North Carolina’s environmental agency has released a collaborative plan nearly a year in the making to help guide policymakers in making vulnerable communities more resilient to climate change and coastal storms.
State Climatologist Kathie Dello says that since taking the job in 2019 she has found residents of North Carolina are ready and willing to talk about climate change, and that the state can be a leader.
Maintaining the vulnerable sliver of Outer Banks highway known as N.C. 12 has long been a challenge, but state officials say they are now adopting a more resilient approach to infrastructure design.
Young people on North Carolina’s Outer Banks who have grown up facing the challenges of climate change on an almost yearly basis say decision makers should take the problem more seriously.
In Down East Carteret County, where tales of hurricanes are woven through far-reaching family histories, residents say more recent storms are different and signs of a bigger change.
Residents of coastal North Carolina acknowledge that changes attributed to climate change and sea level rise are happening, but there’s still a reluctance to use the terms.
Hurricane Florence in 2018 marked the beginning of a shift in attitudes toward climate science, researchers say, but whether increased acceptance leads to policy changes remains uncertain.
The following is a series of essays by students at Brunswick Early College High School in Bolivia on their personal experiences during Hurricane Florence in 2018 and their perceptions of climate change. This is part of a series for the Pulitzer Center’s nationwide Connected Coastlines reporting initiative. For more information, go to pulitzercenter.org/connected-coastlines. A State… [Read More]
Some farmers call it an overreach, but water quality advocates say the Waters of the United States, or WOTUS, rule that the Trump administration seeks to repeal and replace is crucial for North Carolina’s wetlands and seafood industry.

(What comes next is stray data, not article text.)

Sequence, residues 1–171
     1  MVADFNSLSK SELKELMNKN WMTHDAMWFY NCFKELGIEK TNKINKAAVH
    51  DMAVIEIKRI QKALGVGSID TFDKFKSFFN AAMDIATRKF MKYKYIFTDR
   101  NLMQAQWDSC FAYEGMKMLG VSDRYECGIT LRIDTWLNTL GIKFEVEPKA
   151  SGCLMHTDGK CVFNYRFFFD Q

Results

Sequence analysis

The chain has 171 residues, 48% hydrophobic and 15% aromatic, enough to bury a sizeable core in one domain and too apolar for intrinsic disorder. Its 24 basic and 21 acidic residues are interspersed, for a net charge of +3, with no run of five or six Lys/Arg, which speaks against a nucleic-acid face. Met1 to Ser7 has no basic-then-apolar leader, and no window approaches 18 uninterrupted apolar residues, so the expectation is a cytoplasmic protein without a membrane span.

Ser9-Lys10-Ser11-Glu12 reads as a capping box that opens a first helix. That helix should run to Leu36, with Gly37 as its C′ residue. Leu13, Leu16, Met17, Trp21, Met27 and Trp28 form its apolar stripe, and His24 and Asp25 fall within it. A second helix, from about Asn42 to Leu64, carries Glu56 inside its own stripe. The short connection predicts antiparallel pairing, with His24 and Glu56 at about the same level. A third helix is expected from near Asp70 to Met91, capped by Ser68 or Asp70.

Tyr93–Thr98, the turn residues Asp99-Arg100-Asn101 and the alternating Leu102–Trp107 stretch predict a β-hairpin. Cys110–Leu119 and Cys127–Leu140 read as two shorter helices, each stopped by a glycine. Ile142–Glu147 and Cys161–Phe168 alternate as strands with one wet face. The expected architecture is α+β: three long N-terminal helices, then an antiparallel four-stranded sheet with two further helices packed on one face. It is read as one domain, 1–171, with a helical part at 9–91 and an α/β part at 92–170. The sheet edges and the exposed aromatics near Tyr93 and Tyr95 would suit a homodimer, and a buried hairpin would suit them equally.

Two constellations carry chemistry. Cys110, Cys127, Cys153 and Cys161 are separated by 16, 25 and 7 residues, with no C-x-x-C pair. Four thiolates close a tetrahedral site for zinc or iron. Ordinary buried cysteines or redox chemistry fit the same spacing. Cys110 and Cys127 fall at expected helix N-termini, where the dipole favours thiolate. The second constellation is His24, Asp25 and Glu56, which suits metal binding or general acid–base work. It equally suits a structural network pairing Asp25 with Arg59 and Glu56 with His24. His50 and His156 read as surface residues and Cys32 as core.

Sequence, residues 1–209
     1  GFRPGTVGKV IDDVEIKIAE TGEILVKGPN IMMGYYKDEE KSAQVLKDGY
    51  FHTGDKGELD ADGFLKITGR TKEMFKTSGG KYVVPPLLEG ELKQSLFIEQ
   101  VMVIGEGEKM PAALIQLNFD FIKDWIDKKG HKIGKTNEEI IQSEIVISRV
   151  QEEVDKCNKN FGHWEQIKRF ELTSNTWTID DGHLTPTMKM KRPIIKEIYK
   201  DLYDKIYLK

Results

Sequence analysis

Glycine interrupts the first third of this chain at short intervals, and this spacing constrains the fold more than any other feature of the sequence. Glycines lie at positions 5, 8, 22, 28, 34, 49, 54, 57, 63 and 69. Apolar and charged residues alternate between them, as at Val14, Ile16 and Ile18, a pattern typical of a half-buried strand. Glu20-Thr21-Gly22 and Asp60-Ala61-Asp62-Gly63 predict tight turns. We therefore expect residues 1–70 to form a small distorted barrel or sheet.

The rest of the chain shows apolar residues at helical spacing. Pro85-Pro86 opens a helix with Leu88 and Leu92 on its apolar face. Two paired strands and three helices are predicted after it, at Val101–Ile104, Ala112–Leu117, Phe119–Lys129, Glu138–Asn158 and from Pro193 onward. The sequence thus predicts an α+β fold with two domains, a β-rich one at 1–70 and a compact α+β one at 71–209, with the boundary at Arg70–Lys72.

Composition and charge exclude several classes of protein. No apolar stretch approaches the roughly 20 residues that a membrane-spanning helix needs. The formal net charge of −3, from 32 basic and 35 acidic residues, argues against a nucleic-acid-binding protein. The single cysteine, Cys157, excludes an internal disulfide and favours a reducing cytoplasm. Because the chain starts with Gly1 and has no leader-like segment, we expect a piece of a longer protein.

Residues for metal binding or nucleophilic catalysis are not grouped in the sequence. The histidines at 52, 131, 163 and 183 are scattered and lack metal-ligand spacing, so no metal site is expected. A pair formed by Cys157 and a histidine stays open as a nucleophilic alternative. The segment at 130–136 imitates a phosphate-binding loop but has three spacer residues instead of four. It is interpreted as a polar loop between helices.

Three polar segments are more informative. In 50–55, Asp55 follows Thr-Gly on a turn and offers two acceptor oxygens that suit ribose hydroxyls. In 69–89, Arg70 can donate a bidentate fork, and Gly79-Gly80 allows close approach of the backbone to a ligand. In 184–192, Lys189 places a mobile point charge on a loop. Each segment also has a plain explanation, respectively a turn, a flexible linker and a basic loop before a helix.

Special Report: The repeal and replacement of the Obama-era Waters of the United States rule under the Clean Water Act will soon go into effect, putting North Carolina’s wetlands and fisheries in peril, but challenges are expected.
Students with the UNC Institute for the Environment’s Field Site program spent last semester researching how contaminants get into Beaufort’s Town Creek and what happens next.
UNC researchers recently presented findings from a study of how climate change and failing septic systems combine to affect Nags Head’s water quality and how the town is addressing problems.
Jud Kenworthy, a biologist and co-lead of a project to better understand the status of the submerged aquatic vegetation, says seagrasses can warn about the health of N.C.’s coastal ecology.
Researchers are working to map the extent and density of submerged aquatic vegetation along the N.C. coast, to assess its health, which is important far beyond the state’s estuaries.
Bald Head Island’s attorneys are questioning whether a Corps of Engineers biologist who pleaded guilty to lying about her part-time work for a consulting firm also worked on an N.C. ports study.
An attorney for Bald Head Island says the public was kept out of the ports authority’s review for its planned harbor-deepening project as port officials vow transparency.